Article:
As we inch closer to building increasingly autonomous cars, the complexities that these vehicles will present as programmable hardware are increasing, with some 250 applications ranging from cameras to navigation controls to weather sensors running on a typical high performance system today. Now, a startup that is building a system to help optimise that and let all of those vendors work together in a neutral way is announcing some funding to continue its growth. Silexica, a startup based out of Cologne, Germany, that has developed a set of tools to help map and optimise a wide range of applications across multicore processors — specifically the kinds of applications and computers that power self-driving cars — has raised $18 million.
The Series B is led by EQT Ventures, the newish firm that sits under the PE firm EQT Partners, based out of Stockholm. Existing investors Merus Capital, Paua Ventures, Seed Fonds Aachen (Silexica originally spun out of the University of Aachen) and DSA Invest all also participated in this round. The company has raised $28 million to date.
The funding, Silexica’s CEO Maximilian Odendahl (who co-founded the team with Johannes Emigholz and Weihua Sheng) told TechCrunch, will be used not just to increase its optimisation features — allowing for an increasing variety of services and functionalities to be monitored and diagnosed — but also to add a cloud component to how it monitors and processes information on a vehicle.
“Currently we are an on-prem solution, but we are building cloud platform,” he said. The company is also working on a simulator, so that multiple partners can work together on one platform to test their services and how they perform together. Its customers today include Denso, Toyota, Fujitsu and Huawei — underscoring the range of potential buyers of its tech.
The simulator points to one of the key reasons why companies like Silexica are emerging and attracting interest from the autonomous car industry. In large part, these systems are being built using components and technology from dozens or more vendors on top of the car company itself. But data, as people like to say, is the new oil, so what a vendor gathers from its specific sensors and services becomes valuable training information for better services. This means many of them are very guarded about what they share with others, and why, in turn, it is valuable to have an independent platform where that data mixes and is “seen” by no one else.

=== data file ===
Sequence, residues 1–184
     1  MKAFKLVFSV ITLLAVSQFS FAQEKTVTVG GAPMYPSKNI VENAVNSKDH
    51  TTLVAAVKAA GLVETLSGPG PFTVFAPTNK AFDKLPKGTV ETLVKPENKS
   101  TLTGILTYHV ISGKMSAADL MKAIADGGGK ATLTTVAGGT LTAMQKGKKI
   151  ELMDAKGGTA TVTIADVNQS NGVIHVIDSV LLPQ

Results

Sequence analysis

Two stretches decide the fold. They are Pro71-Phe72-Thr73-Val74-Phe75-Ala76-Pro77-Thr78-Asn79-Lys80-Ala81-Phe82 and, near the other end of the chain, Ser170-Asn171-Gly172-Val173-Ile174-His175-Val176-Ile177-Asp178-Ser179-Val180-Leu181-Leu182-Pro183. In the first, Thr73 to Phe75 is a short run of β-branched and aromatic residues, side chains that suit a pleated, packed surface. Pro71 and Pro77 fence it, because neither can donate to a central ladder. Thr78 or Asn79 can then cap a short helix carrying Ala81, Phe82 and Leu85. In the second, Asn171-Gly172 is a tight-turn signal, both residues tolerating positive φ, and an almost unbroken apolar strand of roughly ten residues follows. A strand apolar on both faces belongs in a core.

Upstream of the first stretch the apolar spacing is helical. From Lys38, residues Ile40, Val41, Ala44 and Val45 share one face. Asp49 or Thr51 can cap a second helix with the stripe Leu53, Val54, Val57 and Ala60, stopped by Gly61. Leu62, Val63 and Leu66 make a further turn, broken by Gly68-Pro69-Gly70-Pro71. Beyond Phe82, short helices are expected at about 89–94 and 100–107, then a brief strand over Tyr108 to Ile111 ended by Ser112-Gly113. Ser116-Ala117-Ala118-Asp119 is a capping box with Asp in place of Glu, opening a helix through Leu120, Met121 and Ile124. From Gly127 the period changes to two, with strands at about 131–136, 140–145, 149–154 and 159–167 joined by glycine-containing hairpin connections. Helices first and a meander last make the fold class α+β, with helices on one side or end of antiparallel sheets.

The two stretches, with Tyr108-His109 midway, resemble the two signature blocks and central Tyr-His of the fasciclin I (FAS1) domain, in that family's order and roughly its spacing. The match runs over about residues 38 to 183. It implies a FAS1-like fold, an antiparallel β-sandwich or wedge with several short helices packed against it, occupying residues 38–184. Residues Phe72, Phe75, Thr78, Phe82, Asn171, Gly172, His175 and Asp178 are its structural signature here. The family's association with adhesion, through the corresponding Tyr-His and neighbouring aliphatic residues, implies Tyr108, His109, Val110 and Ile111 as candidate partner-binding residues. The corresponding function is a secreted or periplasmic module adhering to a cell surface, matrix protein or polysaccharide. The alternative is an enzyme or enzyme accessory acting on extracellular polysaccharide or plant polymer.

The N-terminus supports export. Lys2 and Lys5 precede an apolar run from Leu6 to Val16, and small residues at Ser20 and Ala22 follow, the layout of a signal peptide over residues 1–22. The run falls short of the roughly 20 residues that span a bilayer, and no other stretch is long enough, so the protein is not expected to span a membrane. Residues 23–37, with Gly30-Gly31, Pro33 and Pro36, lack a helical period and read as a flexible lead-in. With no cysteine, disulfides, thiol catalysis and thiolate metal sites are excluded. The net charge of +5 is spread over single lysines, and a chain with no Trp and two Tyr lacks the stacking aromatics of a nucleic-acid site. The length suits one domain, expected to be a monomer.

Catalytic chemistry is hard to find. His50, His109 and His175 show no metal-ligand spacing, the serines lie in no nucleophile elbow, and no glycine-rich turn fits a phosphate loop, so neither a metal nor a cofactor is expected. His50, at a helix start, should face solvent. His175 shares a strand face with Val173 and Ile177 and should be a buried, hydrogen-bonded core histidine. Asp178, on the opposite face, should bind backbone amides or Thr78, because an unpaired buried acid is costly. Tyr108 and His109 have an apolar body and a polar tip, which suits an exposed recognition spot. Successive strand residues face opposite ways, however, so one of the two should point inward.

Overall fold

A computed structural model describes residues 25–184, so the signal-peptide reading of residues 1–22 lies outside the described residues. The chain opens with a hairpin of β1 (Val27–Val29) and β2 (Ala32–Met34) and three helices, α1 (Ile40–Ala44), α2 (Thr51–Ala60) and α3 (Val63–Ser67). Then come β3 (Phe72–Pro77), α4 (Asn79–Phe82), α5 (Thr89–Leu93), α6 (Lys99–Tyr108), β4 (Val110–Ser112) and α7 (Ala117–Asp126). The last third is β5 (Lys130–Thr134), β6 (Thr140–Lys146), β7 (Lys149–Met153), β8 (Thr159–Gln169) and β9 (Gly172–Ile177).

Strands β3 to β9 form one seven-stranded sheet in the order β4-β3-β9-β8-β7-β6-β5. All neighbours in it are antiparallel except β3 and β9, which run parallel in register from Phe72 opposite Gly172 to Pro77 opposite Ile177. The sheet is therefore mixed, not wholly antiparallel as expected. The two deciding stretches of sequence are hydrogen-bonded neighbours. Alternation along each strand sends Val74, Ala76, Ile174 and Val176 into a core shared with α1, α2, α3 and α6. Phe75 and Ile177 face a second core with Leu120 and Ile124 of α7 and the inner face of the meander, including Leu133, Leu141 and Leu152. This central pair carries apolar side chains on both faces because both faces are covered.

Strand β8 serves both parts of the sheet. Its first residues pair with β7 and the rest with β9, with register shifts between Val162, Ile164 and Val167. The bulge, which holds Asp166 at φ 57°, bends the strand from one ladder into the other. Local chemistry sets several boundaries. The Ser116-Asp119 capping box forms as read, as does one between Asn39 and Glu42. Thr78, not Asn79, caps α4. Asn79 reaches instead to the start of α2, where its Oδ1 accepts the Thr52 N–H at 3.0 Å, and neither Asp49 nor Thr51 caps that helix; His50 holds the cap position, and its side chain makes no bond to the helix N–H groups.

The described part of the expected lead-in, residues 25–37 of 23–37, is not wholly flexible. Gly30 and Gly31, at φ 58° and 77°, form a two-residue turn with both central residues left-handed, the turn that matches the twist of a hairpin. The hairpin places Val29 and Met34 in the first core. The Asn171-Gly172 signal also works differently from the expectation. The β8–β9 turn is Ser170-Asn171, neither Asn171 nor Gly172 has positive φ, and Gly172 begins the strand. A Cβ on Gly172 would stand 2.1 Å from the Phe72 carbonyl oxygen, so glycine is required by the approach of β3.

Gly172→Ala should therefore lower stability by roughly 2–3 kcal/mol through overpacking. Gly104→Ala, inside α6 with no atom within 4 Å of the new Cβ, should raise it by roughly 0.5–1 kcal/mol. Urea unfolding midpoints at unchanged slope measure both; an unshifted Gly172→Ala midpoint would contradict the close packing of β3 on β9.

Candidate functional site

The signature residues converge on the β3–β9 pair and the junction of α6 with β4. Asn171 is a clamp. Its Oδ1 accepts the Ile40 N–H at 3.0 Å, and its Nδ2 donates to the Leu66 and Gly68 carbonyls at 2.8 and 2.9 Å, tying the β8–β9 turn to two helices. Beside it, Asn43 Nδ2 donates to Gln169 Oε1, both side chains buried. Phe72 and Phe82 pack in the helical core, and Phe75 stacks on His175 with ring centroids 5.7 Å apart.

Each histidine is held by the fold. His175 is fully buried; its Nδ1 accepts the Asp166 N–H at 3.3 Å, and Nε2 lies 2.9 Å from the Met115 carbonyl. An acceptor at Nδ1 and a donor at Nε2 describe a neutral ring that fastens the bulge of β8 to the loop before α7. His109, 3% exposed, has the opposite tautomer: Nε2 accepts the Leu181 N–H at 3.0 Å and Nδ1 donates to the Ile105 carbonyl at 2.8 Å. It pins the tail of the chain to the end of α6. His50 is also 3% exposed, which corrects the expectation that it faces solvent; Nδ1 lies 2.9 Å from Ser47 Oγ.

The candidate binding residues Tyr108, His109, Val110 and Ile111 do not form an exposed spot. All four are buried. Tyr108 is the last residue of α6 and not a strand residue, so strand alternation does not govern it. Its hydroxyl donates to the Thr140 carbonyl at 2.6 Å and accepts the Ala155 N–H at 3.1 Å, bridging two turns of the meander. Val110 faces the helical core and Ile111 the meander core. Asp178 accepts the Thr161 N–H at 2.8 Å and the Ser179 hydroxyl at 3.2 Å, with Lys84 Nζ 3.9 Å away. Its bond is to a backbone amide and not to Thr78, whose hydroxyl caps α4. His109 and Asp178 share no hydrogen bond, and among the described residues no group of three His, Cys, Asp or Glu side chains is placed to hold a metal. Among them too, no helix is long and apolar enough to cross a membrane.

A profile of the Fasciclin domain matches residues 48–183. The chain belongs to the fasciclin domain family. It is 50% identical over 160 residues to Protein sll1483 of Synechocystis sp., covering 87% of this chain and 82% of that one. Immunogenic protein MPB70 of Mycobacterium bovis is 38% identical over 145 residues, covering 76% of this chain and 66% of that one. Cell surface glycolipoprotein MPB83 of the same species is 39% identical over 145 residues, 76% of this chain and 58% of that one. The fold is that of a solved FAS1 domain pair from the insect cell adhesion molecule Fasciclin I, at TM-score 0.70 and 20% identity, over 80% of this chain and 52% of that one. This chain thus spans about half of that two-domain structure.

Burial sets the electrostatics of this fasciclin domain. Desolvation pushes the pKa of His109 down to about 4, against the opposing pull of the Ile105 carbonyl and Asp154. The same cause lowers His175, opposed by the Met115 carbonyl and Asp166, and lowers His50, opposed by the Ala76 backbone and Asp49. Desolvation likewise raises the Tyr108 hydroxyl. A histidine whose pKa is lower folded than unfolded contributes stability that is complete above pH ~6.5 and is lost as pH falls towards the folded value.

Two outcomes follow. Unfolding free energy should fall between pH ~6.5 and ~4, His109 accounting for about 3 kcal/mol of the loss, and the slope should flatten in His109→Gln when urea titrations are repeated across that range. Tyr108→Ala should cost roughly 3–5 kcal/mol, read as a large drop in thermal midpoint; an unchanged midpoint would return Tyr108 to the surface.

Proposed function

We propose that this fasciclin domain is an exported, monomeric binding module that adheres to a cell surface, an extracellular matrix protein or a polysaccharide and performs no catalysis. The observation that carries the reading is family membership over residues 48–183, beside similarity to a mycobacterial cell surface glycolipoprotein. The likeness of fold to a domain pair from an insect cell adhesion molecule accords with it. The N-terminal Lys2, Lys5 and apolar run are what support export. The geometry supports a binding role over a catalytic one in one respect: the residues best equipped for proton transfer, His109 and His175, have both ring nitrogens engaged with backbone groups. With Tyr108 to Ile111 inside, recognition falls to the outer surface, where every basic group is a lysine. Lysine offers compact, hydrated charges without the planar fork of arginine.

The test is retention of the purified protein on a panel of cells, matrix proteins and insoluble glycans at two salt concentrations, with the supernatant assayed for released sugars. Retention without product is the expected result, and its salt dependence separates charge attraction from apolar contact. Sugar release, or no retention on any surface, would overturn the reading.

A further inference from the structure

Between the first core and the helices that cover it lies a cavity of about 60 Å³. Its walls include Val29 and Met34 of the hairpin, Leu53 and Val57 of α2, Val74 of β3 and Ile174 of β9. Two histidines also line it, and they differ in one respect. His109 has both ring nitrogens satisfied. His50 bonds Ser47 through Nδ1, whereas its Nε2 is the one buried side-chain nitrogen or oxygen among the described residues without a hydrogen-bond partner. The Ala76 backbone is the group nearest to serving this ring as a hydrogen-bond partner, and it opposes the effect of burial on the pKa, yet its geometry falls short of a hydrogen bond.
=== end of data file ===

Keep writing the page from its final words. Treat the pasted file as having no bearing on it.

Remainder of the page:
The other area where Silexica’s SLX tools are notable is that they work in real time to provide their diagnostics. Today, we’ve already seen some dreadful accidents involving autonomous vehicles not behaving in the way that we would have expected, resulting in fatalities. Inevitably, there will be more times that these systems don’t work the way that we think they will, and so any service that can improve how applications communicate and respond to each other will be increasingly essential — and in some cases fundamental — both to make the systems work better, and to make sure not just that vendor trust is in place, but that user trust is, too.
“In their quest to solve one of the largest challenges of the post-PC era, we believe Maximilian, Johannes and the rest of the team can steer Silexica into becoming one of the most important technology companies of this decade,” said Ted Persson, Design Partner and investment advisor to EQT Ventures who will be joining Silexica‘s Board.
There will be other approaches taken to solving this problem, too. Given that we are still at a relatively nascent stage of the race for self-driving vehicles –Odendahl estimates that fully-autonomous might not in use until 2025, and that is possibly optimistic — it will be interesting to see how this aspect of the stack plays out.
Updated with correction to date for autonomous car rollouts, which should have said 2025, not 20-25 years.